LONDON, July 1 (Reuters) – Cryptocurrency firms will need licensing and customer safeguards to issue and sell digital tokens in the European Union under groundbreaking new rules the union has agreed to tame the volatile “Wild West” market.
Globally, crypto assets are largely unregulated, with national operators in the European Union only required to demonstrate anti-money laundering controls.
Representatives from the European Parliament and EU countries concluded a deal late Thursday on the Crypto Asset Markets Act (MiCA).
“Today we are setting up a system in the Wild West for crypto assets and setting clear rules for a harmonious market,” said Stefan Berger, a center-right German lawmaker who led the negotiations.
“The recent decline in the value of cryptocurrencies shows us how dangerous and speculative these currencies are, and that it is necessary to act,” Berger said.
Cryptocurrency markets have plummeted this year as investors worried about rising interest rates, which led to the collapse of the terraUSD stablecoin and the freezing of withdrawals and transfers by major crypto firms Celsius Network and Voyager Digital.
Bitcoin, the largest token, has fallen nearly 70% since its November record of $69,000, sending the overall market down.
EU countries said the landmark regulation underscores the EU’s role as a standard-setter for digital issues.
They added, “Crypto-asset service providers will have to respect strong requirements to protect consumers’ wallets and become responsible in the event that their crypto assets are lost to investors.”
The new law would need an official rubber stamp by the European Parliament and EU countries to become law, followed by an implementation period.
It grants crypto-asset issuers and related service providers a “passport” to serve clients across the European Union from a single base.
Holders of stablecoins – a type of cryptocurrency designed to hold a fixed value – will be offered a claim at any time and free of charge by the issuer, with all stablecoins overseen by the block’s banking watchdog.
Robert Kubis, general secretary of Blockchain Lobbying Group for Europe, which includes major exchanges Binance and Crypto.com, said the rules were a “mixed bag,” adding that the group feared that “stablecoins will have no way to profit.”
However, Coinbase Global Inc, a major global cryptocurrency exchange, said in a blog post on Friday that the comprehensive new framework was “exciting,” providing regulatory certainty to the market, and raising industry standards.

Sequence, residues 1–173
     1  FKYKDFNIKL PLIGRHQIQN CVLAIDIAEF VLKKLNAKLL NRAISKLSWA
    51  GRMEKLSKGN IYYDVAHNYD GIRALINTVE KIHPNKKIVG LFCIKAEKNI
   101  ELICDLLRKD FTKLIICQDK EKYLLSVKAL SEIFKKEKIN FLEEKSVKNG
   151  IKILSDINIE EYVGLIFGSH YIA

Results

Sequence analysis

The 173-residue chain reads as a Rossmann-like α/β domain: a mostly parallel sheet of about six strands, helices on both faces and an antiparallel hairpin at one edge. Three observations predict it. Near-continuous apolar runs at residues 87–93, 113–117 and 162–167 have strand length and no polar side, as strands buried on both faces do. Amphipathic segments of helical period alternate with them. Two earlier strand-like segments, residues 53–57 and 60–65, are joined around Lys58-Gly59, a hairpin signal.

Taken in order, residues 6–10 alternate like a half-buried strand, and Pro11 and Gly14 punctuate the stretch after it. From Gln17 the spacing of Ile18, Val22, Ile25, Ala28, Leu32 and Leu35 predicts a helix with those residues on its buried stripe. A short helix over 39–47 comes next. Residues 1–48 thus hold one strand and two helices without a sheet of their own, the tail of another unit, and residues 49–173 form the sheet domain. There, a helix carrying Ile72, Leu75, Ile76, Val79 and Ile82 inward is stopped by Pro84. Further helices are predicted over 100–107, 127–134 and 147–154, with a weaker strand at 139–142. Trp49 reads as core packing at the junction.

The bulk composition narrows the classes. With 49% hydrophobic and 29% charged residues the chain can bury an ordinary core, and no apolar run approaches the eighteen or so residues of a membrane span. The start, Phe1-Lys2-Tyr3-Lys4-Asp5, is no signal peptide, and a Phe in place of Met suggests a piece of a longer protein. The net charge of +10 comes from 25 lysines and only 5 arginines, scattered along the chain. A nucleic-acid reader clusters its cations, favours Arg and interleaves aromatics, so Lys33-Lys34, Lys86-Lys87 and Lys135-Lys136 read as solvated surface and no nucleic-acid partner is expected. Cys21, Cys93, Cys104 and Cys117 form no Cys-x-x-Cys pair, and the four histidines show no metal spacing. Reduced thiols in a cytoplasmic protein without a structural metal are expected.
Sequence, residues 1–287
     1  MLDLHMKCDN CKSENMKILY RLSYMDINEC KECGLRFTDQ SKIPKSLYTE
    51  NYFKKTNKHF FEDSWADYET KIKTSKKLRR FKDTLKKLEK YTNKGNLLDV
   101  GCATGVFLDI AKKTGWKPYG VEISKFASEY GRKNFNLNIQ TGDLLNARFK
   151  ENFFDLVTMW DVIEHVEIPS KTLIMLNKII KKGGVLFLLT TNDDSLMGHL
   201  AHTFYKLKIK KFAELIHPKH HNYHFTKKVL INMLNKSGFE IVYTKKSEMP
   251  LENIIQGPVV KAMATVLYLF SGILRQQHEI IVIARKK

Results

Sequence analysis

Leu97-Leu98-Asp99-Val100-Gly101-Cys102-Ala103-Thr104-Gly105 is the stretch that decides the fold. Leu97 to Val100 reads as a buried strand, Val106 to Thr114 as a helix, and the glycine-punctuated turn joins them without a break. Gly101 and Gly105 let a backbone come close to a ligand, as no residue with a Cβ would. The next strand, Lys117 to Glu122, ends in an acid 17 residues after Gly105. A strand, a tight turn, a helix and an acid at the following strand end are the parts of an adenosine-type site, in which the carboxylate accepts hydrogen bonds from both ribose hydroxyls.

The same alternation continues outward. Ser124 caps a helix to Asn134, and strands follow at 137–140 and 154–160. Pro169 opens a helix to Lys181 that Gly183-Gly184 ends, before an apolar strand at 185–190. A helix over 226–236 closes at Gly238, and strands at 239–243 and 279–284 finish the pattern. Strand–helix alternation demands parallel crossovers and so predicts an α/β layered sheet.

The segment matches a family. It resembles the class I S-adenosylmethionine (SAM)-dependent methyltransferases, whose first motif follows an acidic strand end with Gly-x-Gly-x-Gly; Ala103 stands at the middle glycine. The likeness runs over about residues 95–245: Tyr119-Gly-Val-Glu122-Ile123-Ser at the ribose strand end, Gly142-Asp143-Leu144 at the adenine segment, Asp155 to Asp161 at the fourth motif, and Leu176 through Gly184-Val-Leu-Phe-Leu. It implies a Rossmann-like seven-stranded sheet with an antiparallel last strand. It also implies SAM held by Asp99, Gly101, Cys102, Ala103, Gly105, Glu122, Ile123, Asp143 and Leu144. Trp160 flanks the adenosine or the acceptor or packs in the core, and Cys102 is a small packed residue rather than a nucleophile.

“One coordinated set of rules for the entire European Union will enable us to invest, accelerate and scale our growth efforts across the entire bloc.”
The AFME, a body that specializes in the financial markets industry, said the rules would reduce fragmentation and support the development of a strong, well-functioning market.
However, more clarity is needed to ensure that custodians of crypto assets are in trouble only in cases of negligence or misconduct, and not for events outside their control, such as a nation-state hack, AFME reported.
Many countries have long opposed the inclusion of non-fungible tokens (NFTs), digital assets that represent things from art to videos.
But under pressure from EU lawmakers, Thursday’s settlement anticipates excluding NFTs “unless they fall under existing crypto asset classes.”
Brussels will assess within 18 months whether there is a need for stand-alone rules for NFTs.
National regulators will be responsible for licensing crypto companies, but will have to keep the European Union’s securities watchdog ESMA informed of the big operators.
ESMA will set standards for crypto companies to disclose information about their environmental and climate footprint.
The United States and Britain, two major cryptocurrency centers, have not agreed to similar rules.
Circle, the company behind the major US dollar stablecoin, described the rules as an “important milestone.”
“While no comprehensive set of rules is perfect…they do provide practical solutions to issues that other jurisdictions are just beginning to deal with,” she wrote in a blog. (Additional reporting by Francesco Guaracchio in Brussels and John O’Donnell in Frankfurt; Editing by Mark Potter, Jonathan Otis, Gareth Jones, Paul Simao and David Gregorio)